Thursday, January 5, 2012

718. The Twelfth Lesson

A LESSON FOR THE TWELFTH DAY OF CHRISTMAS, which is today, January 5th

As many of you know, I like to drive - a lot. In these trips, labelled in 2006 by the then-Yarmuth for Congress Campaign Manager Jason Burke as "nobling" it often appears that the drives are aimless wandering. I know my "greener" friends will not appreciate the idea that I like to drive aimlessly here and there. The truth is it usually isn't aimless at all. I often have a desitnation in mind, whether it be Frankfort or Perryville or Madison (IN) or Corydon (IN) or Maysville, as was the case a few weeks ago, or even Washington DC or Brooklyn NY. The wandering part comes in the route getting from Point A, somewhere near the Left Bank of the Ohio River near Milepost 606, to Point B, wherever the destination might be. There is an entry on the blog called the Twelve Roads to Frankfort (or something like that). It could have just as easily been titled the Twelve Roads to Bardstown or Owensboro or wherever. Owensboro, technically, is not the easiest place to get to unless you are in Henderson or Evansville, just for the record.

In any event, I've known all along what the Lesson for the Twelfth Day of Christmas would be. It is a poem I've written about before on the blog, James Whitcomb Riley's My Philosofy. I learned it as an eight year old at the direction of my late great-uncle, Bob Lewis, Jr. I recite it all the time, to myself, and often to friends. I recently recited it at the 30th birthday party of Elizabeth Sawyer, a successor to Jason Burke as manager of the Yarmuth campaign. At the time I was with Kathy Wright, a Democratic Party activist from southeastern Jefferson County. It is my favorite poem.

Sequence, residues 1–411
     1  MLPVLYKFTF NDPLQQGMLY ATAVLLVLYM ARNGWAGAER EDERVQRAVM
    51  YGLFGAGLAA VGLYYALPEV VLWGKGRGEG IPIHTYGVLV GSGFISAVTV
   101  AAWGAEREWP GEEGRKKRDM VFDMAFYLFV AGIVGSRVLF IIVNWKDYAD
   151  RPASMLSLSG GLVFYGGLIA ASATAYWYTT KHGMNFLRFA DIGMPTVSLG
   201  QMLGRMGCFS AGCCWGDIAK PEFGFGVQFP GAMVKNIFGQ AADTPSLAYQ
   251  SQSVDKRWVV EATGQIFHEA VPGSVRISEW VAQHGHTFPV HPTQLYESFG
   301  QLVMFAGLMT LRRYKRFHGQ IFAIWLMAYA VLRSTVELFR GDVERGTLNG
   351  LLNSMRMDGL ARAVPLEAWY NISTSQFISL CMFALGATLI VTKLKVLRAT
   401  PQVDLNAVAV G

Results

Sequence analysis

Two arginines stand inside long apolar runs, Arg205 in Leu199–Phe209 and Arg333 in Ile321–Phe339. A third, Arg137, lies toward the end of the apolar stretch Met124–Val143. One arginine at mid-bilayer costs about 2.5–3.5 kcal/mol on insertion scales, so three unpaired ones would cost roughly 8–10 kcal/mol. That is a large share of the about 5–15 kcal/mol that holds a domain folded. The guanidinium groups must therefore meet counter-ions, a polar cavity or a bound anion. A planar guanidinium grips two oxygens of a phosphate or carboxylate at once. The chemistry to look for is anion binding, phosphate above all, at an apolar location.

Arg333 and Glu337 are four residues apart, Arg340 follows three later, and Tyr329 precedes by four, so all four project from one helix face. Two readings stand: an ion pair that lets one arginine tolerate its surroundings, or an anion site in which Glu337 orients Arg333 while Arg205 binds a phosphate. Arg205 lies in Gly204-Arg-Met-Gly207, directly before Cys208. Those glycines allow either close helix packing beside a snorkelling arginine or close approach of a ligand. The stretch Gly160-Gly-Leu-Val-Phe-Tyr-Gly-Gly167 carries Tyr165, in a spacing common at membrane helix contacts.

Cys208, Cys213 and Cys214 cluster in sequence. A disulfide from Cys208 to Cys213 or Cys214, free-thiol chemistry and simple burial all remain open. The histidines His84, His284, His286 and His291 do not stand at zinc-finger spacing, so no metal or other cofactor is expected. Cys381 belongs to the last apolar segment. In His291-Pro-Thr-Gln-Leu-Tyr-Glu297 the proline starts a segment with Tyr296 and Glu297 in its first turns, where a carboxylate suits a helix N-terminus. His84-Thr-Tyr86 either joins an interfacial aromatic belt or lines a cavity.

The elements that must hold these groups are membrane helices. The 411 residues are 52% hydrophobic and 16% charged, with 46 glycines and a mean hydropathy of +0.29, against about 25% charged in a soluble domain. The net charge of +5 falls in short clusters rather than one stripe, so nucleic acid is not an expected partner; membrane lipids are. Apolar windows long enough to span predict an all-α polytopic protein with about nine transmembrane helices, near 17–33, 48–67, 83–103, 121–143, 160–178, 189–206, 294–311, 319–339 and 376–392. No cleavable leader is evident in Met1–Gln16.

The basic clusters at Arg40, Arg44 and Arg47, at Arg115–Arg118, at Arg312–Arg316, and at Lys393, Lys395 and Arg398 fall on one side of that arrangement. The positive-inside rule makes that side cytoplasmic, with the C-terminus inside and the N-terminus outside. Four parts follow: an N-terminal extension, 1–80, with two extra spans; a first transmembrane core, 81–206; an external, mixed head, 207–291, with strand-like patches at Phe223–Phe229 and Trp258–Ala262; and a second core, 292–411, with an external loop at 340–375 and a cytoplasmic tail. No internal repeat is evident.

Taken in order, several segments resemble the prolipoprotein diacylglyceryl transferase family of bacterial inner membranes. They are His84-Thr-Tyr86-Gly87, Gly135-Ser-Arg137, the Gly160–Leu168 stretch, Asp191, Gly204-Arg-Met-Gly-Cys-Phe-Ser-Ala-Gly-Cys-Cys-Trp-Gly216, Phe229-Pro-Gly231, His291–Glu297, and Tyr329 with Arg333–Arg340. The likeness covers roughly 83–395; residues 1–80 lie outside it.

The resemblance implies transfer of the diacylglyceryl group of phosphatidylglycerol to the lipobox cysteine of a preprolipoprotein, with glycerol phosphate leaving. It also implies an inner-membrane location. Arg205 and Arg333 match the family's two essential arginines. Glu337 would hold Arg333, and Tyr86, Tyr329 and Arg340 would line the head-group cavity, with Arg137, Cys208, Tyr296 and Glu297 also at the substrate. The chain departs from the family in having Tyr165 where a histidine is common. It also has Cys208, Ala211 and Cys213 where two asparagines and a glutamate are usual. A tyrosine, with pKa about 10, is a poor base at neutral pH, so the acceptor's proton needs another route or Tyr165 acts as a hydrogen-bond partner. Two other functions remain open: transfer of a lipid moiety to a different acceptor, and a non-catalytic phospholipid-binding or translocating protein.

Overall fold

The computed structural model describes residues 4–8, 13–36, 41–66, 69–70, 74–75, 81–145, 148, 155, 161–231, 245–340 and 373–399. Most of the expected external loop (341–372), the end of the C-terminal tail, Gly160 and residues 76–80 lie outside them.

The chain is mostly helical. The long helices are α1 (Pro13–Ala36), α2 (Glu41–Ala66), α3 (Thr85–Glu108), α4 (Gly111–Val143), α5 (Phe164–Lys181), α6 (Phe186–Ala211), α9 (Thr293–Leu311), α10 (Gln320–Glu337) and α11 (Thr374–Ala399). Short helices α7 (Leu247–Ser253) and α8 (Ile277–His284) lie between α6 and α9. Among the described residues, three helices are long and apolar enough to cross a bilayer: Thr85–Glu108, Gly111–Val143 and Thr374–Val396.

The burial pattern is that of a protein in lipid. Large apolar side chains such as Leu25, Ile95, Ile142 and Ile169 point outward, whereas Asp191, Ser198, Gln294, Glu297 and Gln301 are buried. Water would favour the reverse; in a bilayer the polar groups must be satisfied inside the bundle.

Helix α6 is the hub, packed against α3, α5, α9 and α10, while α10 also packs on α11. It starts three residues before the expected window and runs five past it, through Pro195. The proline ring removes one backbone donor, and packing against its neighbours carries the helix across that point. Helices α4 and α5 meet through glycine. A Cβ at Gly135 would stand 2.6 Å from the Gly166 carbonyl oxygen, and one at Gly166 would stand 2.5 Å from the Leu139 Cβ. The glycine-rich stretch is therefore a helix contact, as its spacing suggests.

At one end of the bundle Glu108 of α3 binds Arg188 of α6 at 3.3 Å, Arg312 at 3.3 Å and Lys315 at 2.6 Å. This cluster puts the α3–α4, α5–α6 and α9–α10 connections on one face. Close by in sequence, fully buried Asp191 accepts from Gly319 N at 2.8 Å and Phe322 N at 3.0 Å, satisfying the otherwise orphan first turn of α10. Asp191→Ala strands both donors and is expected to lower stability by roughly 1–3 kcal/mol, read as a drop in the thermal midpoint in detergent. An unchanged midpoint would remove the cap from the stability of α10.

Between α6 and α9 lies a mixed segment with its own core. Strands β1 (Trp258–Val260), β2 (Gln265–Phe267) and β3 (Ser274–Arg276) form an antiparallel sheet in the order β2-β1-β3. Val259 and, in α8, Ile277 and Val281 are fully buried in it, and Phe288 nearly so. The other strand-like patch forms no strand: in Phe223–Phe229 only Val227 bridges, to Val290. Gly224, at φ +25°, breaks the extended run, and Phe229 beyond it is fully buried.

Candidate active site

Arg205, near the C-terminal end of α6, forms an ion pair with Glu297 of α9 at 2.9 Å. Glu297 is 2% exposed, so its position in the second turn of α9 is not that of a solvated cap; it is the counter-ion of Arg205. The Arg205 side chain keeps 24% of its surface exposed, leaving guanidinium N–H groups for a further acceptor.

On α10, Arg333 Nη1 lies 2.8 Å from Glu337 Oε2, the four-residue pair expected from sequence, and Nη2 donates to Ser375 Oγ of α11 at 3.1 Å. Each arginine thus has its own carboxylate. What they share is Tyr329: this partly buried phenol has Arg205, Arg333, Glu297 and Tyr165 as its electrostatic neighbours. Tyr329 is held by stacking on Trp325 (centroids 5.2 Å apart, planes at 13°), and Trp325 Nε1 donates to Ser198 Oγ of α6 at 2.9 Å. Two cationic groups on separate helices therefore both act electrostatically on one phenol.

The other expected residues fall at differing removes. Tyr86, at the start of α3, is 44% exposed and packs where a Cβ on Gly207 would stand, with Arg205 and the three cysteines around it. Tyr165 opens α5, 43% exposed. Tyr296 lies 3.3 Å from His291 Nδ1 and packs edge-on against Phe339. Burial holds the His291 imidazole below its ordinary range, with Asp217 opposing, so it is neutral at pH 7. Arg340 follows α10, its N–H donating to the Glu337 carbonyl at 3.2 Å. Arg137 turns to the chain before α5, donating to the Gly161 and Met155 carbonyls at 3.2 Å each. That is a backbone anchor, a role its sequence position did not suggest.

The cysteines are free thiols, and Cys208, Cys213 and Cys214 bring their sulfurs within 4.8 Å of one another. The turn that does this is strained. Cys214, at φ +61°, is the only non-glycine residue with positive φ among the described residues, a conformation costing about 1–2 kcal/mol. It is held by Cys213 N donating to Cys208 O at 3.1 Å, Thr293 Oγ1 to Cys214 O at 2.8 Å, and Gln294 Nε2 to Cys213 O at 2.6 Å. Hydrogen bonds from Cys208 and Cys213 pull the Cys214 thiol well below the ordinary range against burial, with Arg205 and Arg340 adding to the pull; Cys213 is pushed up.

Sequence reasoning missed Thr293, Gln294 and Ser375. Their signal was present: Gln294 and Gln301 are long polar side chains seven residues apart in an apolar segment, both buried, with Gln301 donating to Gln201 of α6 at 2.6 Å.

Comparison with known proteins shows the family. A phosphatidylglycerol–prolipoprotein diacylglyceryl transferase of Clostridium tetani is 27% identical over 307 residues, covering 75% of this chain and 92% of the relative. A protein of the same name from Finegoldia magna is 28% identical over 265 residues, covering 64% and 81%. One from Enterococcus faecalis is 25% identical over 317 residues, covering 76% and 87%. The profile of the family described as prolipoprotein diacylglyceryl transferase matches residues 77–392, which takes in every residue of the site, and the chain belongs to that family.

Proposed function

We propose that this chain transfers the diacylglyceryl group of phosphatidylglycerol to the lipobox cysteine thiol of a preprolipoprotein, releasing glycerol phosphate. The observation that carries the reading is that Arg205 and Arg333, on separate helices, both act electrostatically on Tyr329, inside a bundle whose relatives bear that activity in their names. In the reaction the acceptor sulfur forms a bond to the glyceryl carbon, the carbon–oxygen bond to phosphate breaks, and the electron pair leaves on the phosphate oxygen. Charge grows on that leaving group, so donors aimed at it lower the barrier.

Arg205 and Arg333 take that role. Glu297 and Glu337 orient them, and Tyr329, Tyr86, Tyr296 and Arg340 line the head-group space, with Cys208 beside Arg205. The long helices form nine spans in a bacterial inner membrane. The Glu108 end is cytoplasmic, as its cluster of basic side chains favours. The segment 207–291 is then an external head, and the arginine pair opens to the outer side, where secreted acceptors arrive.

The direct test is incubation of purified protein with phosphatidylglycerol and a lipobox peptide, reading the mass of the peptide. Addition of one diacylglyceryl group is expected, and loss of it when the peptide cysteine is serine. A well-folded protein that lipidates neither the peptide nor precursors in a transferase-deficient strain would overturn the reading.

Earlier today on Facebook, I rhetorically asked "who would provide the Twelfth Lesson?" I got feedback from several people including my friend Thomas A. "Tony" McAdam, who offered a 1925 quote from Lord Arthur James Balfour, "Nothing matters very much, and few things matter at all." I am familiar with that quote and really like it. I reduced that to the words from Bobby McFerrin's a capella song from September 1988 - "Don't Worry, Be Happy." McFerrin borrowed the line from an Indian guru/mystic, Meher Baba, who used it as part of his teaching in the mid 20th century. Interestingly, McFerrin's song and Tony's suggestion from Lord Balfour aren't far from the snetiments expressed in the poem which I knew would be the final lesson. Of course the poem is a much longer version, but it is one I have always known and somewhat followed.

I am understood by many to have a philosophy - I'm fairly liberal, fiercely partisan, and have sometimes been called a socialist, probably deservedly. I was so earlier tonight, in fact. But I have tried with great earnest throughout my life not to hold another's religion or creed or personal mantra or family status or any other distinction from having and keeping friends who are different than me. I believe I have been successful as most of my friends do share differences of opinions, beliefs, lifestyles, social strata, and many other measures of differentiation. I've never, or perhaps rarely minded. I am more of a process person than policy person. Sure, I support policy but I especially support policy if it is attained through the proper processes. I've been criticised for that over the years, most recently by Curt Morrison, but I haven't changed much in response to that criticism.